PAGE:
4. What type of hydroponics systems are ideal for broccoli? Fortunately, Brassicas have been grown in a wide variety of hydroponics systems before and they are not so picky with the actual system design.
As long as the system is able to deliver nutrients, aeration and moisture efficiently, broccolis will be able to grow properly. Some examples of hydroponics systems that work well with Brassicas are the Dutch bucket, NFT, and of course, the classic ebb and flow hydroponics setup.
If you are a complete beginner and you don’t have the necessary know-how or expertise to engineer your own homemade system, what you can do is just purchase complete, ready to assemble systems and you can just upgrade the system later on, as you build familiarity with it. Different upgrades can be done to hydroponics systems as the grower begins to scale up and expand his cultivation of different crops.
5. Checking the pH and EC levels of your nutrient solution is imperative if you want to maintain healthy plants. Generally speaking, the ideal pH level range for broccoli is between 5.5 to 6.5 only.
What happens when the pH levels fall below or exceeds the ideal range? Since a hydroponics system will eventually balance itself out, there are situations when slight fluctuations in pH will not immediately harm the crops in the system.
However, if the pH fluctuations are constant, there is the possibility that your crops will suffer from malnutrition brought about by nutrient lock. Nutrient lock occurs when either pH level of the water is too high/low, or the salts concentration of the water is too high.
Proper spacing of crops is important because if the net pots are too close together, the root systems of the crops will run out of available oxygen and in some situations, even available nutrients.
Available oxygen is essential for the normal functioning of root systems and for the proper growth of plants. Having sufficient oxygen in the water also means that you will be able to reduce the instance of plant disease associated with low-oxygen conditions.
In the case of broccoli, the rows themselves should be spaced 12 to 16 inches apart. There should be sufficient space in between the net pots to allow the leaves of the Brassica to spread out upon maturity.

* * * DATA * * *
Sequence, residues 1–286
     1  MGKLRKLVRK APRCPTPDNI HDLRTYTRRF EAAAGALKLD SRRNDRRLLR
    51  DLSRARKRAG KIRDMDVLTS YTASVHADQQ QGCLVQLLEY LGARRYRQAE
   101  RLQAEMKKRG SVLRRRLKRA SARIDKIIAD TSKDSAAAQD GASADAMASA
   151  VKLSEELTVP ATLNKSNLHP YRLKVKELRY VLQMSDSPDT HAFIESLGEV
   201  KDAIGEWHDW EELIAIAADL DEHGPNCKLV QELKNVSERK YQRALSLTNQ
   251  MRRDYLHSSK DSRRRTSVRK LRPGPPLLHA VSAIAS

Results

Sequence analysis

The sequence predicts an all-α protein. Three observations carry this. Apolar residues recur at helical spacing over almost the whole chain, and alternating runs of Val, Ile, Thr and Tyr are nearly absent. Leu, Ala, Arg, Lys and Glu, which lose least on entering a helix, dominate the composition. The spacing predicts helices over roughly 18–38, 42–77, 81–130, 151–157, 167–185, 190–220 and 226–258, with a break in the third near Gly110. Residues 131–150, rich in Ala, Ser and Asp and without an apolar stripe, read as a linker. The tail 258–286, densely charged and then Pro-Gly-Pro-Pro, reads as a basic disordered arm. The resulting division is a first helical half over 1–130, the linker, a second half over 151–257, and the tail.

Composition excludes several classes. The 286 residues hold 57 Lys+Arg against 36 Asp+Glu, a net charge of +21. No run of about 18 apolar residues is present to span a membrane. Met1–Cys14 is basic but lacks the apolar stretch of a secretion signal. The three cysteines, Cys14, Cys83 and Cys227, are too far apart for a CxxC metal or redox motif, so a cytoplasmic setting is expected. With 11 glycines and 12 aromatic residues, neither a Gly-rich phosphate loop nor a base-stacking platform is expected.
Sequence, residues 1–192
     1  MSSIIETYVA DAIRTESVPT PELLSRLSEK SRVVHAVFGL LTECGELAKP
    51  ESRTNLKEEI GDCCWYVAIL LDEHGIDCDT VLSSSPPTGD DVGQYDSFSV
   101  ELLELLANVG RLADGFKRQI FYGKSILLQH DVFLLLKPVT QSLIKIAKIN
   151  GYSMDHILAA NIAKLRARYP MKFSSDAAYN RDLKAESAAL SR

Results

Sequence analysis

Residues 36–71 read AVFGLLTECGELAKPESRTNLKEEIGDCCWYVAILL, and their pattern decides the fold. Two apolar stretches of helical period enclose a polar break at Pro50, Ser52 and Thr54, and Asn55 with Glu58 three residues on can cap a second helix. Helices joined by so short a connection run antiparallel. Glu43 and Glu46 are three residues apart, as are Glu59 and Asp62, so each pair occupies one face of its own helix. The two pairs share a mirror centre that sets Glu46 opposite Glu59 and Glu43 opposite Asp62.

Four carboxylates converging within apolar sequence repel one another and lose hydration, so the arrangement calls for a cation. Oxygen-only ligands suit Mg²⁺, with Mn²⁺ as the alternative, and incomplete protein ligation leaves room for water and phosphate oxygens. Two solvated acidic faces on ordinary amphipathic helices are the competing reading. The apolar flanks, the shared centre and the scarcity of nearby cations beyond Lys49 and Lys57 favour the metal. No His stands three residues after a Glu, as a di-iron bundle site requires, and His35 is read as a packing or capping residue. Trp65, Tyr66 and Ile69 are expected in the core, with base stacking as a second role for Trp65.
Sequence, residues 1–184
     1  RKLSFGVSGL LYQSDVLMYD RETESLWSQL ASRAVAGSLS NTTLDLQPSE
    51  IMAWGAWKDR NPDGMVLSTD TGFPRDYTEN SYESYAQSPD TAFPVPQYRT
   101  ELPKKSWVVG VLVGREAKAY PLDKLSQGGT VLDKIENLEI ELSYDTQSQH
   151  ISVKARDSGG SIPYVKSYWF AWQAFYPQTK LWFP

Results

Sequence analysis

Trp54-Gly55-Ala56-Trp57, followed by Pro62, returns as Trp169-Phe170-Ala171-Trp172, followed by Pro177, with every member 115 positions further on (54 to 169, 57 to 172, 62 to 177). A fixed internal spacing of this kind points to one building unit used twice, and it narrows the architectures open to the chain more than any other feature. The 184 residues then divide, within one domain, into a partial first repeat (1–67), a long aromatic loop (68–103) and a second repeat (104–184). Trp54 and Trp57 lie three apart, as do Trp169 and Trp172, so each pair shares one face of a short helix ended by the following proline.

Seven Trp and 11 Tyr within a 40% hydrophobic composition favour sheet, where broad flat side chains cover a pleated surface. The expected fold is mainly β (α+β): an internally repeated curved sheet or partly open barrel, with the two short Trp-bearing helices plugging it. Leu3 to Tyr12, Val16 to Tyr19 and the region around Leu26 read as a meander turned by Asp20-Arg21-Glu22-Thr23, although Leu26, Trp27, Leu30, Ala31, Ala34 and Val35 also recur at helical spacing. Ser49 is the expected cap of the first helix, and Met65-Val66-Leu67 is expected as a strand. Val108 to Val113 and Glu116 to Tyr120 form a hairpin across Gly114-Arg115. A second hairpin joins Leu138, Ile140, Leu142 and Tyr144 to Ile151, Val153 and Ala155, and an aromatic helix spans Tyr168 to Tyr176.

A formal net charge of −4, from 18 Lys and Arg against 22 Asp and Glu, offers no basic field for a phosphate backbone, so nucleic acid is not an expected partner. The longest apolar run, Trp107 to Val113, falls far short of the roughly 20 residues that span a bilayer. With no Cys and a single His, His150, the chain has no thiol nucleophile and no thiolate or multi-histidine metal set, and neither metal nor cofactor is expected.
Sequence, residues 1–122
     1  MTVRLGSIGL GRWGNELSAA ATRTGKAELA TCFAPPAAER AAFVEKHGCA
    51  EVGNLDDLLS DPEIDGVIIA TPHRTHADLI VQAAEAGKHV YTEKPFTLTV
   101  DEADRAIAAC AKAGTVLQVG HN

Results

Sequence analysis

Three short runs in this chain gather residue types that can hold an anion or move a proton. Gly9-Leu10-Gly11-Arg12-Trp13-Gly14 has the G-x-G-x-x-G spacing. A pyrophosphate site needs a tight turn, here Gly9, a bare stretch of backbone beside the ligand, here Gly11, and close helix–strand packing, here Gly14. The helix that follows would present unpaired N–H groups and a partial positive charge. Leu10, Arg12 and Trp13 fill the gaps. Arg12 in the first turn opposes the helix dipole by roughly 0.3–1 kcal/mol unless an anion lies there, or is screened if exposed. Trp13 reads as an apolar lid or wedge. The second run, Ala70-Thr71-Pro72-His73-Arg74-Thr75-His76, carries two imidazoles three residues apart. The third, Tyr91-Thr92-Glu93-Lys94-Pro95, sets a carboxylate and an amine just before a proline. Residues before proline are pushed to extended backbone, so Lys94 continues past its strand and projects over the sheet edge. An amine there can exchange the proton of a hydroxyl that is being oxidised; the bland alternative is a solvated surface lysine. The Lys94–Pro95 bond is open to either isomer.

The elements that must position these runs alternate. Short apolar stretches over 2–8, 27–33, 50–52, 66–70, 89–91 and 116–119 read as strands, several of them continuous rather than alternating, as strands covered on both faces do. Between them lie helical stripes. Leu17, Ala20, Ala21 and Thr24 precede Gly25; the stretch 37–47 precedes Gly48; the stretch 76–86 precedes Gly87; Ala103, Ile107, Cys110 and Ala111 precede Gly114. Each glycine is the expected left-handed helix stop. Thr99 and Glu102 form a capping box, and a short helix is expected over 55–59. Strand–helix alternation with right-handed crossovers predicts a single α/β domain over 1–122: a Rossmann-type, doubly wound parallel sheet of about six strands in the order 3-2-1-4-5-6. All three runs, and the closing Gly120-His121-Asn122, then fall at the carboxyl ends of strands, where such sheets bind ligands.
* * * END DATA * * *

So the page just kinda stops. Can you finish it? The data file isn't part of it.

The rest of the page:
If the leaves of the broccoli begin hindering light for nearby plants, the leaves would have to be trimmed minimally to maintain adequate dispersion and absorption of light. The trimming must be done whether your broccolis are planted in a greenhouse or indoors where the plants are completely dependent on LED grow lights.
Broccolis can thrive with either fluorescent grow lights or LED grow lights. HID lighting is definitely off the list as HIDs tend to generate a lot of heat, and this may make temperature regulation in indoor setups or even in greenhouses more complicated. While it’s true that LED grow lights generate intense heat especially if they are designed to light a wide space, they don’t generate as much heat (or use as much energy) as their HID counterparts.
There is not much difference between the growing time of soil-grown broccoli and hydroponically grown broccoli. So long as the ideal conditions are met for the cultivation of this crop, you should be able to harvest mature broccoli in as little as 100 days.
Some varieties require 150 days for full maturity. Broccoli that is grown from cuttings (also called clones) can be ready in as short as 80 days.
The buds of the broccoli should be cut when they are still green, and the central head of a mature plant should be cut with up to six inches of the stem.
Since you can use a variety of special fertilizers in a hydroponics system and you have full control of the pH of the water and the amount of nutrients that your plants will receive, we can confidently say that hydroponically-grown broccoli has the potential to taste better than regular soil broccoli.